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De Bow's ReviewThe Antebellum Vision of a New South$
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John F. Kvach

Print publication date: 2013

Print ISBN-13: 9780813144207

Published to Kentucky Scholarship Online: May 2014

DOI: 10.5810/kentucky/9780813144207.001.0001

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Leaving an Old South, Entering a New South

Leaving an Old South, Entering a New South

Chapter:
(p.33) 2 Leaving an Old South, Entering a New South
Source:
De Bow's Review
Author(s):

John F. Kvach

Publisher:
University Press of Kentucky
DOI:10.5810/kentucky/9780813144207.003.0003

This chapter explores De Bow’s development as a journal editor. He saw New Orleans and the area then known as the Southwest (comprising Alabama, Mississippi, Louisiana, Arkansas, and Tennessee) as the embodiment of what he hoped the entire South could become. His experience as a delegate at the Memphis Commercial Convention in late 1845 allowed him to meet like-minded men who hoped to build factories and railroads, diversify agriculture, invest in cities and towns, and create a commercial link with the Far West. His enthusiasm and knowledge helped propel his dream of starting a monthly economic journal. With the blessing of prominent southerners, he published the first issue of De Bow’s Review in January 1846. Although an original thinker and advocate for change, De Bow understood his readership and published early articles on cotton cultivation, slave management, and plantation culture. He knew that for his plan to work he needed the support of planters as well as merchants and industrialists.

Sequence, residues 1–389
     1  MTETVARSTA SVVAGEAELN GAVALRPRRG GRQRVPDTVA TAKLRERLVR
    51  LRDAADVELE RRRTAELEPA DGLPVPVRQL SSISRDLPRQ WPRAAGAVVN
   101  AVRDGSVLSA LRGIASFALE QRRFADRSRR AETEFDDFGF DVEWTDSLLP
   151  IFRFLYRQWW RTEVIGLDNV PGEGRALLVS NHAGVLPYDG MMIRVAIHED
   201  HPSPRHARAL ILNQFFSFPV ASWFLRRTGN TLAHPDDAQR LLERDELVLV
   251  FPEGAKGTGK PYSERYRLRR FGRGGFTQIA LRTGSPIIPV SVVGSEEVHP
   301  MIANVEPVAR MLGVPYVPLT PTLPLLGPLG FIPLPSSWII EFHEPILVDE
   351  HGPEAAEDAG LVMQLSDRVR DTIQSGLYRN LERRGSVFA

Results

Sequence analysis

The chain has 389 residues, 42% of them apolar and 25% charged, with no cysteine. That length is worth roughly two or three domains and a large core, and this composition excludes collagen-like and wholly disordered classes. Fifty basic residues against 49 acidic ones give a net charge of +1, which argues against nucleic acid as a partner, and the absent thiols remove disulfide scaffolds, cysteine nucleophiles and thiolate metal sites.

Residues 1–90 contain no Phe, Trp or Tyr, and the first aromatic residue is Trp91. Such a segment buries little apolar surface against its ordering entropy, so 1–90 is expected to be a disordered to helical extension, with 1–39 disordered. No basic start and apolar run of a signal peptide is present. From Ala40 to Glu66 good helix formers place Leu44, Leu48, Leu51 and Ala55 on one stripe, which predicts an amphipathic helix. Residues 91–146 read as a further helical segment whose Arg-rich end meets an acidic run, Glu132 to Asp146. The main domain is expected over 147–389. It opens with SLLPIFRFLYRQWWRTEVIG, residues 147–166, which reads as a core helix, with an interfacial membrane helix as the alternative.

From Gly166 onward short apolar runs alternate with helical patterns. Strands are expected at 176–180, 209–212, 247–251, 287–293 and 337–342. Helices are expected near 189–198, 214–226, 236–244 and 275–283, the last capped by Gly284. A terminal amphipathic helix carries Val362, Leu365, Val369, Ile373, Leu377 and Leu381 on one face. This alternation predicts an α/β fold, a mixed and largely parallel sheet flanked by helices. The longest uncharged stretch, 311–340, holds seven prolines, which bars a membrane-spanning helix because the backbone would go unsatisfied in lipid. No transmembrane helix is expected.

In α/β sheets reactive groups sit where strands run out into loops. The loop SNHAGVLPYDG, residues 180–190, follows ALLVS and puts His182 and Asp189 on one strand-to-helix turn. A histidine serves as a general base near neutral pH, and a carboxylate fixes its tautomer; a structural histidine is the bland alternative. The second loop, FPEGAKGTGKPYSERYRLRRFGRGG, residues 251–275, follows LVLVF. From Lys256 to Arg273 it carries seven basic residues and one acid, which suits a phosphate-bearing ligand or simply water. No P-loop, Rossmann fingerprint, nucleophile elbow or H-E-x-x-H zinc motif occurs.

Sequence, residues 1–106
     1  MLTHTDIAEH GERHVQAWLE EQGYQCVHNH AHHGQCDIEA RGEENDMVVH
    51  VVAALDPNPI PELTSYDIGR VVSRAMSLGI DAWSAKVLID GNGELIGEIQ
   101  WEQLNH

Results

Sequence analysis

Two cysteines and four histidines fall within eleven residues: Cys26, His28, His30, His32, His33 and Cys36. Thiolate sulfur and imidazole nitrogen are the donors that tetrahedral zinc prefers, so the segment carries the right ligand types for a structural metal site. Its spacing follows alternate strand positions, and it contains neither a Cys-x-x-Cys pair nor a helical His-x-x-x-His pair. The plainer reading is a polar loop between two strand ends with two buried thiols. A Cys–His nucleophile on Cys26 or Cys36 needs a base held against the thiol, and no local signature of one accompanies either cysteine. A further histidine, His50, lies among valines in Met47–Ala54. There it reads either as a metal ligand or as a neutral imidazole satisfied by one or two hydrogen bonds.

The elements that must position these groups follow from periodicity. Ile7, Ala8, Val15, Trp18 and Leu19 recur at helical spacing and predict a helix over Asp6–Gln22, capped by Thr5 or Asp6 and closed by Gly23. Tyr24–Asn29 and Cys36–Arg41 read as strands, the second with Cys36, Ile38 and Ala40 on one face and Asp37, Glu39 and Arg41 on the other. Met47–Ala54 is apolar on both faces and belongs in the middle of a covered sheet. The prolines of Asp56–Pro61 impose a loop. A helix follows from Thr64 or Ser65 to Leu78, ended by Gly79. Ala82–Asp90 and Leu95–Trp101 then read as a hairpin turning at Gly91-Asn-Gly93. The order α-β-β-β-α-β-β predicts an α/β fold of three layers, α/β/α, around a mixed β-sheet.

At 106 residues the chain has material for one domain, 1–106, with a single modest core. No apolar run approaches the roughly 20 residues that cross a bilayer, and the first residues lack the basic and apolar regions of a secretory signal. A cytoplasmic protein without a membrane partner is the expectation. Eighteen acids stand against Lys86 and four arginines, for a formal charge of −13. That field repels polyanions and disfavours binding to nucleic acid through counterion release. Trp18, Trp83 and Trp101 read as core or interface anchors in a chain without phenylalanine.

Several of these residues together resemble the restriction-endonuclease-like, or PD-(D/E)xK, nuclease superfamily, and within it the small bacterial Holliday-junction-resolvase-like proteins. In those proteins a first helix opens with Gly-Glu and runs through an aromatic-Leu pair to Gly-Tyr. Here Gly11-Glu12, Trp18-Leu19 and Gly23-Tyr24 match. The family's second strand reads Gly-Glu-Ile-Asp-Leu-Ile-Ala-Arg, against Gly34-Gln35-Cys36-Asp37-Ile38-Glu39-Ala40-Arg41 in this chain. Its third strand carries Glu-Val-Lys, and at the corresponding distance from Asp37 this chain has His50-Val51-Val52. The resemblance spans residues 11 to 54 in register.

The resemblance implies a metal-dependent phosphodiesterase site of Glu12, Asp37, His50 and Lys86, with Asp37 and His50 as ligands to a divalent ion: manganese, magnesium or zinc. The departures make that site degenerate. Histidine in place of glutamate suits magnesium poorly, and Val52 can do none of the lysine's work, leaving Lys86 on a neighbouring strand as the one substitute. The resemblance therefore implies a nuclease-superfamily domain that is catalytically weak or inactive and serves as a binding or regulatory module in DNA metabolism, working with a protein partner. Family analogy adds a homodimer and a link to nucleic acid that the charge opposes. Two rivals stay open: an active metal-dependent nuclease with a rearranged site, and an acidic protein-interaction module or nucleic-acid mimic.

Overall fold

Keywords:   New Orleans, Louisiana, Memphis, Tennessee, Memphis Commercial Convention, De Bow’s Review, Cotton Cultivation, Slave Management, Old South

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